Indian corporate lawyers with the right skills to serve such clients are also thin on the ground. Bharat Vasani, general counsel at Tata Group, says: “Outsiders can be deceived by the overall size of Indian law firms. There are actually very few partners capable of doing top level corporate work.”
The profession faces a struggle to service India’s growing corporate sector and foreign investors. According to India Today magazine, the country requires 3,000 new corporate lawyers a year to keep pace with demand. Multinationals such as IBM and Hewlett- Packard and Indian corporations such as Infosys and Reliance have responded by expanding their in-house legal departments. Promod Rao, general counsel of ICICI Bank, says: “Our referrals to domestic firms are few. We even parachute our own guys in to do due diligence work.”
For foreign law firms that need to serve their global clients in India, the Indian Bar restrictions create tortuous logistical challenges. Ashurst, a UK law firm, has a liaison office in Delhi but the firm’s visiting partners say they are careful not to meet clients or give legal advice at these premises, which are more akin to a personal apartment than a law firm office.
Sandeep Katwala, Linklaters’ India head, spends a lot of time working out of his “house hotel”, the Oberoi in Mumbai. Various other hotel suites double up as offices, not only for lawyers but for other professional firms such as Morgan Stanley and Nomura.
Linklaters is one of the most active law firms in India and has advised underwriters on some of India’s largest public listings, such as Cairn India’s IPO and that of DLF, India’s largest real estate company. Last year it formed a referral relationship with a recently established Mumbai law firm, Talwar Thakore & Associates.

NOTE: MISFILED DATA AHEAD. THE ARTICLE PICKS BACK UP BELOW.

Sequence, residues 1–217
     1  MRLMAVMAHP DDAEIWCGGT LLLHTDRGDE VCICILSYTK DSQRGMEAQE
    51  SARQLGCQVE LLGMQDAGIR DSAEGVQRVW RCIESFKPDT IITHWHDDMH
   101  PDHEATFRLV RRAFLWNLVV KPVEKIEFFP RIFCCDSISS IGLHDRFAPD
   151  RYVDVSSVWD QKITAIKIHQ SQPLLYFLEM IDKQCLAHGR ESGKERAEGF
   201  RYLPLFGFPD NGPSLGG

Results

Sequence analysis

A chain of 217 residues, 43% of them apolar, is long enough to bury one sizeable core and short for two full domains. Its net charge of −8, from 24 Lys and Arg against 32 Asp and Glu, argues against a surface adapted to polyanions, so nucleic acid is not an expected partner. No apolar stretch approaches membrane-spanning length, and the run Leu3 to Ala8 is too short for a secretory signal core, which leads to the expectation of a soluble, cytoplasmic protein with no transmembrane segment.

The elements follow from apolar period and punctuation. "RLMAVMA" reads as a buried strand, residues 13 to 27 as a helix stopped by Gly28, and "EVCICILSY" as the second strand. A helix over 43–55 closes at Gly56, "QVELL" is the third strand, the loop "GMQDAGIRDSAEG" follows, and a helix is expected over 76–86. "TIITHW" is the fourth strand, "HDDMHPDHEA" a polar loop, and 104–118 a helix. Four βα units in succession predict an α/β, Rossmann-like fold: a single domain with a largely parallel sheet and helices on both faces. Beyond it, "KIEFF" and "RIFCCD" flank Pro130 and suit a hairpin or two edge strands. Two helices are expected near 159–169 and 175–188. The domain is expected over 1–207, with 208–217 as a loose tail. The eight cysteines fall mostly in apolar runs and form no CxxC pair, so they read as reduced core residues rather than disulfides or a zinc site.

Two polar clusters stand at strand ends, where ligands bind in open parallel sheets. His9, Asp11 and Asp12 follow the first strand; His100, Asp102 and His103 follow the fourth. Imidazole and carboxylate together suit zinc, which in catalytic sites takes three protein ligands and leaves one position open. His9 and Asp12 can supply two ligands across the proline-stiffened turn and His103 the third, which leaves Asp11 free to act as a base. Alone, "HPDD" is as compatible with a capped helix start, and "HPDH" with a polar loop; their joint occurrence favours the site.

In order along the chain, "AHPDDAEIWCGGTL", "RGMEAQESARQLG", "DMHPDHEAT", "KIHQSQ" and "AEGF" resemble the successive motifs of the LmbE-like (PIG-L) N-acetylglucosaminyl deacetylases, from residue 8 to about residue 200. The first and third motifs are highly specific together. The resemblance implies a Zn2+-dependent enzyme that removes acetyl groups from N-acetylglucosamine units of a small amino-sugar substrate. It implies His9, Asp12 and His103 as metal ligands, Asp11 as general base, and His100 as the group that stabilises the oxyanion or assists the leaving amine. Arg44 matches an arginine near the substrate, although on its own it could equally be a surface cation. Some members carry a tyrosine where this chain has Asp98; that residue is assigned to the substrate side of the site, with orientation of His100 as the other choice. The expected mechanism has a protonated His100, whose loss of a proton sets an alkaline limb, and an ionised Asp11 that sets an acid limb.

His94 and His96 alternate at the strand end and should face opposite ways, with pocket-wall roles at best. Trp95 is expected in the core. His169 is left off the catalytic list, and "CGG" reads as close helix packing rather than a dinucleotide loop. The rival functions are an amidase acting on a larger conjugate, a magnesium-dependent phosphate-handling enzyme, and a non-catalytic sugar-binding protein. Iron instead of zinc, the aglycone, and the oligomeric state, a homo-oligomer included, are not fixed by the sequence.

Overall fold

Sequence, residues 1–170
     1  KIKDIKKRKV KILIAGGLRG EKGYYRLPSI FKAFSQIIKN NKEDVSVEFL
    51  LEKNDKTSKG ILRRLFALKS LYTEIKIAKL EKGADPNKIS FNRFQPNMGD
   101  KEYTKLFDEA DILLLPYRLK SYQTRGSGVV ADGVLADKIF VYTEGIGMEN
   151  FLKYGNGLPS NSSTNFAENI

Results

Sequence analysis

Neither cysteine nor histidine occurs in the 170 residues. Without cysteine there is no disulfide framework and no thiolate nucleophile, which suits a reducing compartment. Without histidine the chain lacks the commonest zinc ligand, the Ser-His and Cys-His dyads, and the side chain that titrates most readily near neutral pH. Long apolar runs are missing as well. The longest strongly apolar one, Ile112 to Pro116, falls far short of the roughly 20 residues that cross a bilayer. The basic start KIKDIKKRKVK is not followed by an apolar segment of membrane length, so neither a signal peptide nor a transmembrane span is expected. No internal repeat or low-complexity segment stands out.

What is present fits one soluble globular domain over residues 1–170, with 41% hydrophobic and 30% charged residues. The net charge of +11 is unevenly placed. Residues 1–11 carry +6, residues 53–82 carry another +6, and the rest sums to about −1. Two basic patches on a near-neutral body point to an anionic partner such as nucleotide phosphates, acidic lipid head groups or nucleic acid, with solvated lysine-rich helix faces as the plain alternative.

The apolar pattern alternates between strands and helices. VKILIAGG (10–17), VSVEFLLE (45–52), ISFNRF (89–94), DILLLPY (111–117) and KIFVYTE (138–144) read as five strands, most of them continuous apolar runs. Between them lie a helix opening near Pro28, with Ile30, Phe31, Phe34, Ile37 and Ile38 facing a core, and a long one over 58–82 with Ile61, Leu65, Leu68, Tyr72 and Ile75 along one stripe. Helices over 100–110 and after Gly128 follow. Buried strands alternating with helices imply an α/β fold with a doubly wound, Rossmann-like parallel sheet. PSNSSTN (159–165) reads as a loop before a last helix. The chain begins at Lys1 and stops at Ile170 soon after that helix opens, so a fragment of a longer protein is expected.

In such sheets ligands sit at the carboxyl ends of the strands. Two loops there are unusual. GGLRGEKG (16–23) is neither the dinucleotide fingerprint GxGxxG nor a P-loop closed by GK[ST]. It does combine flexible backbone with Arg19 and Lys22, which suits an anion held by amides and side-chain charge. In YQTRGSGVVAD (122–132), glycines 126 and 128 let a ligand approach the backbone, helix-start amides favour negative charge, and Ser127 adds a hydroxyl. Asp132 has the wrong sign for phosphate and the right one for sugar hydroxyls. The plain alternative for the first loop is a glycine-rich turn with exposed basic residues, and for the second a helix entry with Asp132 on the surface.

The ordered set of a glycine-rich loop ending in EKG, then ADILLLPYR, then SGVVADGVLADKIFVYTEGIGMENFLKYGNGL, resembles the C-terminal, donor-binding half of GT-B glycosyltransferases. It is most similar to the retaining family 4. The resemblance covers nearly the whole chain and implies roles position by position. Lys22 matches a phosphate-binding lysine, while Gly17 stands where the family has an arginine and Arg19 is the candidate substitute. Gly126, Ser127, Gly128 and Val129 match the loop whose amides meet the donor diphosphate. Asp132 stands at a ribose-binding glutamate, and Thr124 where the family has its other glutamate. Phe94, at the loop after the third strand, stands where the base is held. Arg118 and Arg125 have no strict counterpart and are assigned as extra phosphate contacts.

Although independent, the firms refer work to each other, share training and run secondments. Kunal Thakore, whose father Shobhan is one of TTA’s named partners, is a partner in Linklaters’ Hong Kong office. Mr Katwala says: “We probably still work as much with other Indian law firms [as with TTA]. But on the Vodafone-Essar transaction, for example, working with TTA allowed us to offer the client an integrated team approach.”
To ensure they gain access to leading domestic lawyers, multinationals and foreign law firms have similar relationships with Indian law firms, such as Amarchand & Mangaldas and AZB & Partners. However, nearly everyone wants to instruct the top partners at these firms, so availability of talent is a problem. For example, during the demerger in 2005 of Reliance Industries, one of the country’s biggest conglomerates, Amarchand & Mangaldas acted for each of the Ambani brothers and their mother.